``Motown'' is the latest market to benefit from a Ford Motor Co.-sponsored program that trains unemployed inner-city residents as technicians in auto dealerships.
The company recently announced it will spend $1.5 million to open three training centers in the Detroit area, bringing the number of such centers around the country to 16.
Ford has spent nearly $8 million over the past three years working with charities and government agencies in nine urban areas to establish centers that pluck promising technician candidates from the unemployment line.
``Basic, raw talent-that's all we need-that, and a willingness to learn,''' said Duane Roundtree, strategy manager for the youth and adult automotive training program of Ford Customer Service Division.
Automotive shops have to be creative as they recruit mechanics because of an industry-wide technician shortage. The U.S. Bureau of Labor Statistics reports that since 1989, more than 15,000 trained technicians have been retiring annually, which has contributed to a shortage of 60,000 trained automotive technicians.
But car dealerships-like many independent repair shops-rarely consider scouring welfare rolls for help because hiring these candidates involves more risk. Many are high school dropouts; some have done jail time.
A program Ford operates in Florida trains women incarcerated at a Dade County prison.
``Typically the students we reach and recruit are 20 years old. A third of the students do not have a high school diploma,'' Mr. Roundtree said.
Toyota Motor Sales U.S.A. Inc. has a similar program in Los Angeles, and Jaguar Cars North America has established a training center for inner-city youths in Newark, N.J.
How it works
Ford spends an average of $500,000 to open each center, including providing three to five new vehicles for training.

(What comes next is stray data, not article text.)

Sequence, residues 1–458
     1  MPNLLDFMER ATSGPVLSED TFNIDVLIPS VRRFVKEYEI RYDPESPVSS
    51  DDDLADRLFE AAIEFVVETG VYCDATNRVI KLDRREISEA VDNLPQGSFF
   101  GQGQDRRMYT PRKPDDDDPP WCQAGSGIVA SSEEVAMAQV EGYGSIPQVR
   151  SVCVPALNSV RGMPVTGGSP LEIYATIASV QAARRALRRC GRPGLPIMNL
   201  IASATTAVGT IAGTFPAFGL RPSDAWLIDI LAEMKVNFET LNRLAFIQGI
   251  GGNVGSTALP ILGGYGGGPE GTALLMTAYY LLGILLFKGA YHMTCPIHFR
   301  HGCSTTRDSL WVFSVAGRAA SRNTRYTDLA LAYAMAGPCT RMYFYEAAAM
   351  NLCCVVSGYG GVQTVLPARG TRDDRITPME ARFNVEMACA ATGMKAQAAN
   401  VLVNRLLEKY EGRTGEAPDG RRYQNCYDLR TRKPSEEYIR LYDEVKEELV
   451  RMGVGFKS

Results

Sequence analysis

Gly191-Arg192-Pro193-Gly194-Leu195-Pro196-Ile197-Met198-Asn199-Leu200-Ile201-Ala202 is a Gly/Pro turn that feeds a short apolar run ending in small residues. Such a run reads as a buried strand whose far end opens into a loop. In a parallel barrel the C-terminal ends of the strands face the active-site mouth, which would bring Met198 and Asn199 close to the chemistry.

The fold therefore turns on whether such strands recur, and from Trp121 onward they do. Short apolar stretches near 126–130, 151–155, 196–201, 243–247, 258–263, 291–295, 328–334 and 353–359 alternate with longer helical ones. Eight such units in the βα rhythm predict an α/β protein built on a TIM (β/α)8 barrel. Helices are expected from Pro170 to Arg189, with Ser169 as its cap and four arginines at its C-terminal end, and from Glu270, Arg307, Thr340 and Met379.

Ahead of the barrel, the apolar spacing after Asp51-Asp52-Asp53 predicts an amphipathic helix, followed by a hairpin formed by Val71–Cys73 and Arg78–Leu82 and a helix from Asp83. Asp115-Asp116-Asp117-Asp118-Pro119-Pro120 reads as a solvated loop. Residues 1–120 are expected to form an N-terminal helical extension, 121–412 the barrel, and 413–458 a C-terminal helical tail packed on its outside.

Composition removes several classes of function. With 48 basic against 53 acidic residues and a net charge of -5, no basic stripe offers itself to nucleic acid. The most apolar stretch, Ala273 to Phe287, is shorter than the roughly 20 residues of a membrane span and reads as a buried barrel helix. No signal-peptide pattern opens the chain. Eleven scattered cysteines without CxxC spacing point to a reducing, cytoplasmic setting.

Much of the tuition is covered by government welfare-to-work programs, though some students get assistance from Ford and its dealers. The required tool sets cost $300 to $1,000. Tuition for a year of automotive training is $3,500.
Ford relies on unemployment offices to find and screen candidates. Charities also refer candidates. In Chicago, for example, Ford works with a consortium of Baptist ministers.
Each center enrolls about 15 students at a time in the one-year training program. Usually the program operates out of a community college, though the first training center in Newark was constructed in 1999 at a cost of $1.7 million.
Prospective students face a battery of tests, including hand-eye coordination, color blindness, reading and mathematics. If students require remedial education, they get it through Ford's partnerships with community colleges.
The students go to school five days a week, spending half the time in the classroom and the other half in a paid co-op work program through a car dealer. They receive training not only in maintenance and light repair but in how to get along with others in the workplace.
``Life skills are the key to turning their lives around,'' Mr. Roundtree said. ``Most people have academic skills, but they need to interact with others and handle disagreements.''
Tom Hawkes, owner of Hawk Lincoln-Mercury in Oaklawn, Ill., helped train a 26-year-old Chicago student who graduated and is continuing his education.
``This kid is tremendous,'' Mr. Hawkes said. ``He will be like any of the other well-trained apprentices from any of the other schools.''
Technicians who graduate from Ford's program are required to have a high school diploma or pass an equivalency test. They also must pass a Ford certification exam.
Graduates receive college credits and a Ford maintenance and light-repair certificate equal to 20 percent of the credentials needed for master technician certification.
Ford and some participating dealers offer scholarships to graduates who want to continue their education and obtain two- or four-year degrees in automotive technology.
According to Mr. Roundtree, the program has 100 percent job placement, and once hired, 80 percent of the graduates are still on the job after the first year.